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Dentists: 94% Want to Dump Dental Insurance Companies
Dentists are frustrated with the current system of dental insurance, feeling that it benefits the insurance companies more than dental patients or doctors.
Dentists' biggest complaint is that dental insurance benefits have not been raised in decades. "When I entered private practice in 1970, dental benefits had a maximum payout of $1000. Now twenty-eight years later, it's still $1000," complained a Mississippi dentist. "The premiums for dental coverage have continued to go up, but not the maximum benefit payout. There is something badly wrong with this discrepancy."
Unlike health insurance, "dental insurance" is a benefit plan, not true insurance. Unaware of this, many patients needing significant amounts of dentistry are shocked to discover that their dental plans will pay only a small portion of their expenses.
Many dentists desire more public education about dental coverage. "We need to educate our patients that Dental and Medical Insurances are totally different animals," complained a Georgia dentist. "Patients have become so accustomed to the medical insurance model that they expect low co-pays and no out-of-pocket expenses, which is not a realistic attitude."
Dentists are indignant at the idea of insurance companies deciding which treatments are acceptable. "It's horrible! You can't do dentistry without insurance companies regulating patients acceptance and treatment," moaned an Iowa dentist.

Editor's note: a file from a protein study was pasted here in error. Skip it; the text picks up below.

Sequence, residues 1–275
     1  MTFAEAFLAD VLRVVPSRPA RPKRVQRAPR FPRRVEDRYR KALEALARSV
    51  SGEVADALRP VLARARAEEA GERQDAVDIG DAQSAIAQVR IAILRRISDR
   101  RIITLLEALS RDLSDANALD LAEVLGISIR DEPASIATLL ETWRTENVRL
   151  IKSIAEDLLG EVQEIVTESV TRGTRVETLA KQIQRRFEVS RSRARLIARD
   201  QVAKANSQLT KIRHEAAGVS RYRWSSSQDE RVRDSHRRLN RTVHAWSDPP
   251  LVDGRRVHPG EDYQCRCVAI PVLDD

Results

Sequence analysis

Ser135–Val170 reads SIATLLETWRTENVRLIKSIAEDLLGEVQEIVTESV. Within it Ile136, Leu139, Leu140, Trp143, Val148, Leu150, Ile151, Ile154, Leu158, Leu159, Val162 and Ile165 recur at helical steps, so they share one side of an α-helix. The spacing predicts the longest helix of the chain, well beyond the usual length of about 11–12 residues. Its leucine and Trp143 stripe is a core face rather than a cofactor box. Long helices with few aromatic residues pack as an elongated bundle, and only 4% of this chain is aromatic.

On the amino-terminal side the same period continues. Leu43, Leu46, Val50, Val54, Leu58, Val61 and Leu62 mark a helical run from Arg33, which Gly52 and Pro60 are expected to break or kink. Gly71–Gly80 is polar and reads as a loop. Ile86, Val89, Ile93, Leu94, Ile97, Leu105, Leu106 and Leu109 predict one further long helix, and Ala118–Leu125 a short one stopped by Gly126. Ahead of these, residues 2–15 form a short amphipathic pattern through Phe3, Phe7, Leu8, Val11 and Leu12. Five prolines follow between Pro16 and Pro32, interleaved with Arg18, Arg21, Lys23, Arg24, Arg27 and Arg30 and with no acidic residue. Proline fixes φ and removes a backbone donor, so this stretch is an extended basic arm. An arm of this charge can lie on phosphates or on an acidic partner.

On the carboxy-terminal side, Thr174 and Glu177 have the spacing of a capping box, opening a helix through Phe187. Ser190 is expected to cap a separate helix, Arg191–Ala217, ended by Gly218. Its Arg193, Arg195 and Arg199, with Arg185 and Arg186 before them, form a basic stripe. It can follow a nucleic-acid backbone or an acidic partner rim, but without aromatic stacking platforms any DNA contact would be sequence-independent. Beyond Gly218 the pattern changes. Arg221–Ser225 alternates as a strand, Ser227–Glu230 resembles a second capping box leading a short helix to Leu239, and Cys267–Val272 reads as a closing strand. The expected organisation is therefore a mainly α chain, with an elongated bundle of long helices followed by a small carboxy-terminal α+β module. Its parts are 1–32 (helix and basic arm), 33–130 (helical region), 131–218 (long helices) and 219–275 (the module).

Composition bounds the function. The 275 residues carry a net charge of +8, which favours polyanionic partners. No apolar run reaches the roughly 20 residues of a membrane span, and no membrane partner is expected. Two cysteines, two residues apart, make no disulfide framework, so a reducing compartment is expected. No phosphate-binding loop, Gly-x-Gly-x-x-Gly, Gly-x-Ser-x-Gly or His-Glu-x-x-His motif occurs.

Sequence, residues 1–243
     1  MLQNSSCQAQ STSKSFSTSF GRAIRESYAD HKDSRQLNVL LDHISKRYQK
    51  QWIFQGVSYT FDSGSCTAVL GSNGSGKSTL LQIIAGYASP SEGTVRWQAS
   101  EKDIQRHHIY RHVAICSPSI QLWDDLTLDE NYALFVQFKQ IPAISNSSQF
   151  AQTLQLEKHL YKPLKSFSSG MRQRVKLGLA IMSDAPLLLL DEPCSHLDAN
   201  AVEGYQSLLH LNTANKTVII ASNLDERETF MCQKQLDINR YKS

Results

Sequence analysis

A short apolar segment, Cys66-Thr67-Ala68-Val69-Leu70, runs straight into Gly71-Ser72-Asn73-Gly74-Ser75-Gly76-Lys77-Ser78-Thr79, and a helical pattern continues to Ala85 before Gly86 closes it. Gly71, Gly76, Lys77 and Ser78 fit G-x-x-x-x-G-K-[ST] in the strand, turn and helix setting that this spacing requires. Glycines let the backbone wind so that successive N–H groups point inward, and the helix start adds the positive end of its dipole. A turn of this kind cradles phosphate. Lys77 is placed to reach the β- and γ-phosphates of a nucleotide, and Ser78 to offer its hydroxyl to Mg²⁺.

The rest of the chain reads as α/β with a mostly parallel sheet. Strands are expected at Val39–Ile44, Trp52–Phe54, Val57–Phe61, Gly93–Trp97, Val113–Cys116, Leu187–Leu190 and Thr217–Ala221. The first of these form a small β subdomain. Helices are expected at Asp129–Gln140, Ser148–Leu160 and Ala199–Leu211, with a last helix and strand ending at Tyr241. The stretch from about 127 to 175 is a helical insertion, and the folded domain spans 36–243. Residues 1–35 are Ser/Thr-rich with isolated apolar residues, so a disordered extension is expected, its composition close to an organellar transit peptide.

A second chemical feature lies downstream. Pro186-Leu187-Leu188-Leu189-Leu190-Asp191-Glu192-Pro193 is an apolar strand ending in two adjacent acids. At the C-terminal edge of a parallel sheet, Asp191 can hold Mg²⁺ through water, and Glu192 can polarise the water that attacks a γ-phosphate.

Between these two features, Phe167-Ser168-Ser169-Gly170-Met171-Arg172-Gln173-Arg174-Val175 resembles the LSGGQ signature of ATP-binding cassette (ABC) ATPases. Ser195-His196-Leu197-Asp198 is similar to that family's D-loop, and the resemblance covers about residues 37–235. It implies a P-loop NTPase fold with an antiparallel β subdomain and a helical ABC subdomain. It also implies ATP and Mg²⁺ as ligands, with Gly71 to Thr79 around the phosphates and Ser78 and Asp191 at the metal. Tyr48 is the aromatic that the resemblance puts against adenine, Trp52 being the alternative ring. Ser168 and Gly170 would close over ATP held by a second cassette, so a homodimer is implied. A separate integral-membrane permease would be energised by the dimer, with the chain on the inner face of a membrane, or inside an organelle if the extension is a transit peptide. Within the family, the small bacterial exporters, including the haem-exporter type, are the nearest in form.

The biggest dental organization in the US is the American Dental Association (ADA). "Insurance companies are getting away with murder!" said a Massachusetts dentist. "I feel the ADA should be negotiating with the insurance as a collective bargaining agent for doctors."
Dentists wonder what the profession can do to do battle with the dental insurance industry. "I think dentists across the country should drop being a preferred dentist for all insurances,"
Some dentists would prefer not to get involved. "I don't feel any need to fight with insurance companies," said an Oregon dentist. "The financial battle is between the patient and the insurance company if the patient chooses to take up that battle. It's not my battle."
To many, it seems that insurance benefits only the insurance companies. "They are a profit-generating entity that does not put the interest of the patient above profits," wrote a Maryland dentist. "Thieves of the trade! They do not care for patients, only their bottom line. I wish we could get rid of them all together," agreed a Florida dentist.
"Insurance used to be a valuable source of new patient referrals for dental practices," said Jim Du Molin, dental patient marketing guru and founder of dental management resource The Wealthy Dentist. "But nowadays, I hear very few positive comments, and an awful lot of complaints."
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Visit http://www.thewealthydentist.com for more surveys in the areas of dental implants, cosmetic dentistry, edation dentistry, wisdom teeth, braces, and dentures. Jim Du Molin offers a free weekly newsletter and dental practice management advice.